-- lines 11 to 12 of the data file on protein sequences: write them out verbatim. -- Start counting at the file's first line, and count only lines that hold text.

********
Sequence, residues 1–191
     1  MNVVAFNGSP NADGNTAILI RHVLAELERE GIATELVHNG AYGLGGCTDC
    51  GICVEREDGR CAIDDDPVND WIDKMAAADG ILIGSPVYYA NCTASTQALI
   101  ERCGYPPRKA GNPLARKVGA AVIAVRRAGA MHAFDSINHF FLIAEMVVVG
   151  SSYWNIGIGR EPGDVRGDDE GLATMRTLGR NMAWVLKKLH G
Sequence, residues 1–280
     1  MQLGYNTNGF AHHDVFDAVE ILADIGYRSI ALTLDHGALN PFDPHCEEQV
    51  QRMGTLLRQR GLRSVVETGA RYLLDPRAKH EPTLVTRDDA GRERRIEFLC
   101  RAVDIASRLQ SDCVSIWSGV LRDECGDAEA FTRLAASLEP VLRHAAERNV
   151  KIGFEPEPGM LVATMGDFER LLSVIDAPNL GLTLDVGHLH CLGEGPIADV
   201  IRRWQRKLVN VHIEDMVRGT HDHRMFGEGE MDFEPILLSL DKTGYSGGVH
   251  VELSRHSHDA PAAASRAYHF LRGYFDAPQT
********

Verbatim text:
   201  IRRWQRKLVN VHIEDMVRGT HDHRMFGEGE MDFEPILLSL DKTGYSGGVH
   251  VELSRHSHDA PAAASRAYHF LRGYFDAPQT